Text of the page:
The Power of Diplomacy

How the quality of diplomacy can greatly determine a nation’s power vis-a-vis other nations.

In my previous post, I wrote that a nation’s power determines its pecking order in the geopolitical arena. What exactly constitutes a nation’s power is then the next logical point of consideration. Through the next few posts, I will discuss the sources of national power with examples of how these powers have been utilized in the geopolitical space.

One source of power comes across as the most significant one in several streams of thought – diplomacy. Diplomacy here is loosely defined as the act of getting other countries to agree to what a nation/group of nations wants without the use of a conventional military force. This ‘power of diplomacy’ Kautilya says, is superior to all the other sources of power. Geopolitical realist Hans Morgenthau, in his seminal work Politics among Nations also concurs when he says –

Of all the factors that make for the power of a nation, the most important, and of the more unstable, is the quality of diplomacy.. The conduct of a nation’s foreign affairs by its diplomats is for national power in peace what military strategy and tactics by its military leaders are for national power in war.

To give an analogy, while the other sources of power like military, nuclear deterrence, economy are like raw materials in an industry, diplomacy is the machine that synthesizes these materials into a finished product into a foreign policy which is then visible to the rest of the world. If the diplomacy is of high quality, the quality of the final product is much greater than the sum total of its parts put together individually. If on the other hand diplomacy lacks vision, is inconsistent with the objectives of the foreign policy, it can produce an output much lesser than the sum total of all elements that make up a nation’s power.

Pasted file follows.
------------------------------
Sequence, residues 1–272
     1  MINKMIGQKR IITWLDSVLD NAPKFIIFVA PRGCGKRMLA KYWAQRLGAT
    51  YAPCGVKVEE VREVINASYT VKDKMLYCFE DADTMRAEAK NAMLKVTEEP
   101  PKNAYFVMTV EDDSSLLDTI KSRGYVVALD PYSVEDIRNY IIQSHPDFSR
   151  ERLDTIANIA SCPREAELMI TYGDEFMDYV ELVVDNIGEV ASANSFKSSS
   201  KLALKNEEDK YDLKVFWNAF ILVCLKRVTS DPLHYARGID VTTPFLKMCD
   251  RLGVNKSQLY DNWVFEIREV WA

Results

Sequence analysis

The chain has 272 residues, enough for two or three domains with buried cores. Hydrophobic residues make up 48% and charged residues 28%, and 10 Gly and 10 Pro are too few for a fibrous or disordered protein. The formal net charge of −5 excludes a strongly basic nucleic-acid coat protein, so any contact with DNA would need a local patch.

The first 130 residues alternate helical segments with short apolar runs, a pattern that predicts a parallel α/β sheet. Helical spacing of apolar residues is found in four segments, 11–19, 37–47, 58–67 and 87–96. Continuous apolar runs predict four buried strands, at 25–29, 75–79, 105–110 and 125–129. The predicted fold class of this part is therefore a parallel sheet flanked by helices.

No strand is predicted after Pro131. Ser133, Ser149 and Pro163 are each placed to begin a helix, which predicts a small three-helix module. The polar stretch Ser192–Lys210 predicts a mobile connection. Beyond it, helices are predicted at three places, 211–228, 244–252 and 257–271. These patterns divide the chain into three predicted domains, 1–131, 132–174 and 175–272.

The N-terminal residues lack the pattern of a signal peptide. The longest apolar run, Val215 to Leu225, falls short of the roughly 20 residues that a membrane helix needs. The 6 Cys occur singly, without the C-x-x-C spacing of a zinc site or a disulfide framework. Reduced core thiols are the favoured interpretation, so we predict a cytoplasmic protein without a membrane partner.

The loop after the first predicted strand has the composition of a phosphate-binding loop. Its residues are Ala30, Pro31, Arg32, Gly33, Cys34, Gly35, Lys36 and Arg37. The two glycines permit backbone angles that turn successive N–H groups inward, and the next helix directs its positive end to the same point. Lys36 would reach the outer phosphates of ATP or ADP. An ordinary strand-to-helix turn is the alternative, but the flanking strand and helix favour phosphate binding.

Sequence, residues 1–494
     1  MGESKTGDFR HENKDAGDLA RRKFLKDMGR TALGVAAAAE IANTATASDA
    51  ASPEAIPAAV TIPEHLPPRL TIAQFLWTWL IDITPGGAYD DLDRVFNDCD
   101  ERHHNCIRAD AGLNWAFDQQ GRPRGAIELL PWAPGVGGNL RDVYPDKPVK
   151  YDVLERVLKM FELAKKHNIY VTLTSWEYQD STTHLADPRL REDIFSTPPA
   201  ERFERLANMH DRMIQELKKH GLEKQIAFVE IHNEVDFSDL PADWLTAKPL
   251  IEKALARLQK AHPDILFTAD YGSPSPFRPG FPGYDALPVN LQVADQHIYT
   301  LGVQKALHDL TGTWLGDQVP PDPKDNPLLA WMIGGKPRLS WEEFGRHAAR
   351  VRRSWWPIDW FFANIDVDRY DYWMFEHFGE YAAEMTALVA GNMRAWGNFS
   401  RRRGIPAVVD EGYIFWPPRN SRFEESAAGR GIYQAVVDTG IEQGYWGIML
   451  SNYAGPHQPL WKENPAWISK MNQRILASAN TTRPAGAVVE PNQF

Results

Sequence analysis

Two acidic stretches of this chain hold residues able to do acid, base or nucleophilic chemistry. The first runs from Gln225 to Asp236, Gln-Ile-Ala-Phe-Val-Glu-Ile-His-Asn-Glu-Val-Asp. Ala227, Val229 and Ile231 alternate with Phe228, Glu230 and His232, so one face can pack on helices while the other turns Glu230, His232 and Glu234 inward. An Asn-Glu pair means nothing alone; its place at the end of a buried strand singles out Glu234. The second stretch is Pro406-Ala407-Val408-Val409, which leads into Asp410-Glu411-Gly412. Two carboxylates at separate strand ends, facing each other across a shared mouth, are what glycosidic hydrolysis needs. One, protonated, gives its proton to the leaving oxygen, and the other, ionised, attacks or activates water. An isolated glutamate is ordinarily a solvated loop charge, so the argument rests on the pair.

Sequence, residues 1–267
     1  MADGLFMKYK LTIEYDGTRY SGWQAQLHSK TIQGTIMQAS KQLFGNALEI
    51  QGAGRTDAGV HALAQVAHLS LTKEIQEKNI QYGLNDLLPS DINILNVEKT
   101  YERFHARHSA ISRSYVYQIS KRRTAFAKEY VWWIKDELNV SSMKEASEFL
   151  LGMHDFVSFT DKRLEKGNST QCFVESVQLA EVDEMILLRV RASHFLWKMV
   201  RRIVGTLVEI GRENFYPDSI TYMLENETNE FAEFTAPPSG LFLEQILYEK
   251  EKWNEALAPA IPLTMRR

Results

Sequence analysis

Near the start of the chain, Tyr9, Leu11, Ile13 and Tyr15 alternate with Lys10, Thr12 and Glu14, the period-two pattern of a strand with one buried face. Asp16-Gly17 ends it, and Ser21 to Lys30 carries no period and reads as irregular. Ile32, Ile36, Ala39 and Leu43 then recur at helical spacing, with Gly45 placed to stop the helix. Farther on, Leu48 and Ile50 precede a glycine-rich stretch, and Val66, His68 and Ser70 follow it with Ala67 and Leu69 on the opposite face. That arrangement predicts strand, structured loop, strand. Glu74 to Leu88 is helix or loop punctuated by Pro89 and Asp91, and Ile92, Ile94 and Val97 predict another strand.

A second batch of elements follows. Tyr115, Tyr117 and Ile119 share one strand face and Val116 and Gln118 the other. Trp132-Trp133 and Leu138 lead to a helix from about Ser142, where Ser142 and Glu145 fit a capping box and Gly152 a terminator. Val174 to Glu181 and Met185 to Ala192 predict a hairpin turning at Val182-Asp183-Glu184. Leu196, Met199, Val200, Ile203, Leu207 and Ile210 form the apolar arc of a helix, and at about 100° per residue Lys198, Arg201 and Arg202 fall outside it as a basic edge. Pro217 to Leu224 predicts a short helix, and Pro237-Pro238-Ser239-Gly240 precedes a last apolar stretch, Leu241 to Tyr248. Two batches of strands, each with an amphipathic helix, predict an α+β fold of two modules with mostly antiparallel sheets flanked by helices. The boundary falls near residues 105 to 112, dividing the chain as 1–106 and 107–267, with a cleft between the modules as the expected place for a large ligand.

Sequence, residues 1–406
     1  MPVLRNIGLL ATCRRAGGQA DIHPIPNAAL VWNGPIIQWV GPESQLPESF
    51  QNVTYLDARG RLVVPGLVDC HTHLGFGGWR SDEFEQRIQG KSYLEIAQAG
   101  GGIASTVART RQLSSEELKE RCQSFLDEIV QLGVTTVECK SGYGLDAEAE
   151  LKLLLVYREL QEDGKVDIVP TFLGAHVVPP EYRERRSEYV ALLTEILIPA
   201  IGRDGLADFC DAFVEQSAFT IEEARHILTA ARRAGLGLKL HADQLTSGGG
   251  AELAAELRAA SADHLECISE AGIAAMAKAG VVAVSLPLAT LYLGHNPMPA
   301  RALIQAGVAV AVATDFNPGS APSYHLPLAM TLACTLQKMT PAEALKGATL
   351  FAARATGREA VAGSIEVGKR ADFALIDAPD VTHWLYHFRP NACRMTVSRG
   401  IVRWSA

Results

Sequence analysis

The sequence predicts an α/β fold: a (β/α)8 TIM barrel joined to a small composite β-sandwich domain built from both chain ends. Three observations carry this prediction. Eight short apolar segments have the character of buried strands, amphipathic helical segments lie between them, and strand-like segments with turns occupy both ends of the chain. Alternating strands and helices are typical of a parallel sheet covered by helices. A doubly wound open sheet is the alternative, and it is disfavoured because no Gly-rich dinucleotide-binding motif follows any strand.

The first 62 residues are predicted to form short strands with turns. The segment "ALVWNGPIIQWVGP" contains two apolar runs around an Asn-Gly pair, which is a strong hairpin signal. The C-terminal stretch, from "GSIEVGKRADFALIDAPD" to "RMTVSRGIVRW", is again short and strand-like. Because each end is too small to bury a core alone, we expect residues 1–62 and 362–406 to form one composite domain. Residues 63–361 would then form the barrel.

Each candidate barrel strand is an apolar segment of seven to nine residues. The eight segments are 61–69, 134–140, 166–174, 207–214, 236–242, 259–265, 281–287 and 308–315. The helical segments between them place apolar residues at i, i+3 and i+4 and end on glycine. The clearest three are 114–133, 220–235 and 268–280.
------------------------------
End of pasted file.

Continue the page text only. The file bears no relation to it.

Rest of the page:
Let’s discuss some ways in which diplomacy has worked in modern history.

Hans Morgenthau writes that the diplomacy of France between 1890 up to the World War I presents a very good example of diplomacy raising a nation’s power. Bismark had successfully managed to isolate France from 1870 till 1890. After Bismark’s dismissal, German foreign policy weakened and could not make any alliances with other European powers. France on the other hand made several agreements with Britain and Russia after 1890. It was a result of this diplomatic effort that in World War I, France had Russia and Britain on its side while Germany did not. Post World War II, France achieved diplomatic success through the policy of Francafrique, which helped it regain some of its lost sheen in the politics of Africa.

Through diplomacy, some nations have also managed to convert what might seem global challenges into sources of power. An example is countries like Maldives, Seychelles and others who now call themselves collectively as SIDS (Small Island Developing States). By raising the issues of global warming time and again in international forums and advocating climate change diplomacy, these countries now play a leading role in global systems like Clean Development Mechanisms (CDM) and United Nations Framework Convention on Climatic Change (UNFCCC). The sharp diplomacy of the military-jihadi complex in Pakistan has managed to position itself as a receiver of international grants for ending terrorism on one hand while on the other, it continues to support the same terrorism.

Another country that punches way above its weight in geopolitics through diplomacy is Norway. By positioning itself as an impartial mediator in resolving conflicts, Norway has managed to increase its “soft power” manifold. Norway played a major role in long-standing conflicts of Palestine-Israel, Sri Lanka and Guatemala thereby becoming a global troubleshooter. On a related note, as the Acorn writes, India squandered the opportunity of playing a much bigger role in resolving the Iran-US conflict on the lines of what Norway achieved.

Diplomatic power is sometimes expressed through regional groups. A case in point here was Lebanon, as the sole member of the Arab League in the UNSC in 2011, its opinion was central to what the UN would do in Libya. It achieved consensus in the Arab League and voted against Libya in the UN resolution dealing with the establishment of no-fly zone over parts of Libya. By forming strong diplomatic channels and achieving consensus within regional groups, a nation can play a much greater role than it could do on its own.

As the examples demonstrate, the quality of diplomacy is a major factor that determines a nation’s influence. How it can be measured and quantified is something that I will explore in due course of my project.

 

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